Read Luke 7:1-17
One day Francis of Assisi was riding on horseback down the remote road that went past a leper hospital. Francis, at the time, was not yet the saint of history. His ambitions rested on his family's successful cloth business, and on one day becoming a gallant knight. As he rode along, he was absorbed in those thoughts. We pick up the story as recorded by historian Arnoldo Fortini:
Suddenly the horse jerked to the side of the road. With difficulty Francis pulled him back. The young man looked up and recoiled in horror. A leper stood in the middle of the road a short distance away, unmoving and looking at him. He was no different from the others: the usual ashen apparition with stained face, shaved head, dressed in gray sackcloth. He did not speak and showed no sign of moving or of getting out of the way. He looked at Francis strangely, with an acute and penetrating gaze.
An instant that seemed an eternity passed. Slowly Francis dismounted, went to the man, and took his hand. It was a poor emaciated hand, bloodstained, twisted, and cold like that of a corpse. He put a mite of charity in it, pressed it, carried it to his lips. And suddenly, as he kissed the lacerated flesh of the creature who was the most abject, the most hated, the most scorned of all human beings, he was flooded with a wave of emotion, one that shut out everything around him, one that he would remember even on his death bed.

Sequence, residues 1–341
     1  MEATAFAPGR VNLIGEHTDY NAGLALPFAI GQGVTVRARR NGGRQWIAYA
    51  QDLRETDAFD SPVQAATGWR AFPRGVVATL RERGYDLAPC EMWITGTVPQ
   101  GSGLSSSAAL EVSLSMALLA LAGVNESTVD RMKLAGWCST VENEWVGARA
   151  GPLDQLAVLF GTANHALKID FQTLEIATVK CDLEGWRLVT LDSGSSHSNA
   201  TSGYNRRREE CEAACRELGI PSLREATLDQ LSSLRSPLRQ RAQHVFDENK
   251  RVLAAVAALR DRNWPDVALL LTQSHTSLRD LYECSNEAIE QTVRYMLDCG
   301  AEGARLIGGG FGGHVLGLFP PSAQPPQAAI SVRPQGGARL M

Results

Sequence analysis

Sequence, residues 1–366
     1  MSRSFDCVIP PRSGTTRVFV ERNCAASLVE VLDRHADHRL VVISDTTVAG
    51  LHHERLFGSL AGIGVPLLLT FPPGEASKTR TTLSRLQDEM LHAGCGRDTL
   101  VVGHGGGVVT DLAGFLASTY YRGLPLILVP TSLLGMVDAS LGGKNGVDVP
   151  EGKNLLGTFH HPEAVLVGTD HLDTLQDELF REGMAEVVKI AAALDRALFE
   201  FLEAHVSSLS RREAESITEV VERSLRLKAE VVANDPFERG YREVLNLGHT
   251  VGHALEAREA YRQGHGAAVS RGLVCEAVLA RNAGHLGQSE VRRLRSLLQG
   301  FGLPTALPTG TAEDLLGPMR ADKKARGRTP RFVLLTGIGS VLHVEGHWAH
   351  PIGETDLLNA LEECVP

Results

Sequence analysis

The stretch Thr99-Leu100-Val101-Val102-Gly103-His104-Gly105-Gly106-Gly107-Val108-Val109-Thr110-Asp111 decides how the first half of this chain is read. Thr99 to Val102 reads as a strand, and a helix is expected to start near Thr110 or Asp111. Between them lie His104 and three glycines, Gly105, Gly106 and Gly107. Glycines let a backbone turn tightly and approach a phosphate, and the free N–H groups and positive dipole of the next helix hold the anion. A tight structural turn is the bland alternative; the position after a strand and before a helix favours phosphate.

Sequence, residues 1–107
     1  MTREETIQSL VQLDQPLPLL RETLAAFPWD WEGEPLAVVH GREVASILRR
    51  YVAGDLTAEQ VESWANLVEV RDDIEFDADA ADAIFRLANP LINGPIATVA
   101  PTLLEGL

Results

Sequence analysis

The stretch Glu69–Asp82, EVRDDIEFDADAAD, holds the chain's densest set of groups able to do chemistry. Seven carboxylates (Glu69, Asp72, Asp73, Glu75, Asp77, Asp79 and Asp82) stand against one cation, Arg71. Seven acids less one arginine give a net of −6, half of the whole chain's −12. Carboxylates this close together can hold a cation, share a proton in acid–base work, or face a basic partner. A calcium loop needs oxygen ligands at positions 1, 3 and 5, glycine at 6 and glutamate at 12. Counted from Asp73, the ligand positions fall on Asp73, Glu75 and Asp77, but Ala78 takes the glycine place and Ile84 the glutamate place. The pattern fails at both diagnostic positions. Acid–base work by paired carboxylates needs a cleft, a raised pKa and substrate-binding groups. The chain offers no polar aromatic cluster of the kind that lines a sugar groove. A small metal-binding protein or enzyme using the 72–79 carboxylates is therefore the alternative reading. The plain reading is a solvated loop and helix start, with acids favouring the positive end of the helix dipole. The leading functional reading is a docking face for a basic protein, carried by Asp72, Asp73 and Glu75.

Divine compassion at work. Compassion not only from the heart of God, but moved to act by the hand of God. And compassion in action is also the focus of our reading for today.
In this part of Luke we find that Jesus and His disciples are being followed by a large crowd as they approach the gates of a small village. At that exact moment, a funeral procession was just coming out. A young boy had died, the only son of a widow. She was surrounded by mourners sharing her grief. Let's see what happened next...
“When the Lord saw her, His heart overflowed with compassion. ‘Don’t cry!’ He said. Then He walked over to the coffin and touched it, and the bearers stopped. ‘Young man,’ He said, ‘get up.’” Luke 7:13, 14
Yes, Jesus was moved with compassion. But it didn’t end there. It was His divine compassion that prompted Him to action. The dead boy lived. And while the actions of God are not always as they were on this day, we need to know that they are always for our good.
But what about us? What about our actions? Christian leader and author Chuck Swindoll once said that life is 10 percent what happens to us and 90 percent how we react to it. If God's Spirit is alive in us, not only will our actions show it, but perhaps more importantly, so will our reactions.
Compassion from a tender heart is good. Compassionate actions from a Christ-like heart... is priceless.
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